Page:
• Helping Others Grieve

    The Bereavement Team at Cincinnati Children’s Hospital Medical Center provides “Do’s and Don’ts” for helping those who are grieving.

  • Allow the grieving person to cry, be sad or angry. It is OK to feel whatever she is feeling. Grief is a process and it takes time to work through all the feelings. Let her know that it is OK to cry, be angry, sad. Let them know that you are there, no matter what.

    No two people grieve the same way. Pain is part of the grieving process. You cannot carry his burden of grief for him.

    You cannot understand his grief but you can relate to it by your own experiences “I don’t know how you feel but I know how I felt when I lost my… I know how hard this must be for you.” Don’t tell him how to feel, allow him to tell you how he feels. It’s not about you and your grief, it’s about him and his grief!

    Since no two people grieve the same way, you do not know how she feels. Your grief was uniquely yours and her grief is uniquely hers.  Allow her to experience her own grief. Avoid such things as “you must be strong,” “they wouldn’t want you to feel this way,” “you shouldn’t cry,” “they had a long life.”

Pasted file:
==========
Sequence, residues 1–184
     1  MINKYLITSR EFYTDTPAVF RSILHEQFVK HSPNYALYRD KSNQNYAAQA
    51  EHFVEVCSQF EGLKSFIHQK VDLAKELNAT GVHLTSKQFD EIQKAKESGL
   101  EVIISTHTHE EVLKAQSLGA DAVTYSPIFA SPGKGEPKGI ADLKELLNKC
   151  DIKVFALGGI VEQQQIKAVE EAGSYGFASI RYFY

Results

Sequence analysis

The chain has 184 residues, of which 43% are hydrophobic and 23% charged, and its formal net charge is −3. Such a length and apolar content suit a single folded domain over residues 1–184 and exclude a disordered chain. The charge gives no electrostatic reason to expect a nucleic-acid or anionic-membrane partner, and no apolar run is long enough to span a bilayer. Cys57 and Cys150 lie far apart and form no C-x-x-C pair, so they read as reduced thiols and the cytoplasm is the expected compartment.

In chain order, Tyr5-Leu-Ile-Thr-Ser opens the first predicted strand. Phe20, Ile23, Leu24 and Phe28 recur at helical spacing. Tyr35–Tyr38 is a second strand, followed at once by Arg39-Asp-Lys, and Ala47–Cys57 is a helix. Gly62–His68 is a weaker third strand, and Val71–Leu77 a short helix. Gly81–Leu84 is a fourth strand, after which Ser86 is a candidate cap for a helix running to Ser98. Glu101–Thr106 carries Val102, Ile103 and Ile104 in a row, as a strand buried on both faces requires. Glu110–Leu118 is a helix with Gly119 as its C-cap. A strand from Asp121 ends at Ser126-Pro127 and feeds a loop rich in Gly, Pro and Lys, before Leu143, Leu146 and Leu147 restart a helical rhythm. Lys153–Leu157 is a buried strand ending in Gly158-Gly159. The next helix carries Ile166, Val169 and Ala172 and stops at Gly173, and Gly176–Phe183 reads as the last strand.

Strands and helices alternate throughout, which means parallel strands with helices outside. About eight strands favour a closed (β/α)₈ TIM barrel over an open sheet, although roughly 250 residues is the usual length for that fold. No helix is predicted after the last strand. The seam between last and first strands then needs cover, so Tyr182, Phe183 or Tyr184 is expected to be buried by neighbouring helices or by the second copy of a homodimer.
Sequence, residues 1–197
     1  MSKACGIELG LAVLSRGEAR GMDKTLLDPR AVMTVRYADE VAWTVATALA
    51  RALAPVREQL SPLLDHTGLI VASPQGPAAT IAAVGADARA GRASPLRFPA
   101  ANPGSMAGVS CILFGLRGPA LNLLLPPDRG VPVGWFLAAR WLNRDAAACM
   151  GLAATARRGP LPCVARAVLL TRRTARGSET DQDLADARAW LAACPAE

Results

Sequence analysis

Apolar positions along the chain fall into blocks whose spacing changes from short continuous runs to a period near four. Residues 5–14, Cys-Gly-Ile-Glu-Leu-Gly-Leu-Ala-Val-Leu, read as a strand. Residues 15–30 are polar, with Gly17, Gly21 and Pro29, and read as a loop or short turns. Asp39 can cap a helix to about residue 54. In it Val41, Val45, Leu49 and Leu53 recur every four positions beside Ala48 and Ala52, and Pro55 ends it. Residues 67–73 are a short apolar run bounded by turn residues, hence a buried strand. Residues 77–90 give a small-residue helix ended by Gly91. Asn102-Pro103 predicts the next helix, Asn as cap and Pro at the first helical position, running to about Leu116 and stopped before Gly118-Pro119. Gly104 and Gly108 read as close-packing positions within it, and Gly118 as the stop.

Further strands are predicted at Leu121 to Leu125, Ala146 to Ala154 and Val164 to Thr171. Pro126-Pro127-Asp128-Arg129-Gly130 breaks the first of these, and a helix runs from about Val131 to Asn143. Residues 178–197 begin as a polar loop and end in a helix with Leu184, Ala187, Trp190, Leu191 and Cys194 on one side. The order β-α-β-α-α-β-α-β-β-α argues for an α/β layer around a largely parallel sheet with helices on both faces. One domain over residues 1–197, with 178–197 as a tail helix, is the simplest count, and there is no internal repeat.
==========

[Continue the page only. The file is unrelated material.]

Talk about the person who died and use his or her name. Grieving people often state that “no one refers to him anymore.”

    Be specific in your offers to help rather than “call me if I can do anything.” Grief is hard work and people may not be able to ask for help but would gladly accept offers of assistance. “I’m going to the store on Friday; would you like to go with me?” “I’ll take the kids to practice and bring them home.” “I like to do yard work and I would like to help you with yours.” “Let’s plan on lunch next Wednesday.”

    While clichés may seem helpful, they often offend those who are grieving. And chances are they have heard them already. Just be present, and if you can’t think of anything to say, ask an open ended question. Allow her to share whatever she is feeling.

  • Pastoral Care at Cincinnati Children's.

    Simple words like “I’m sorry” can mean more than trying to make him feel better. There are no words to ease the pain of his loss. “I’m sure this is a difficult time for you” keeps the focus on him by acknowledging his grief.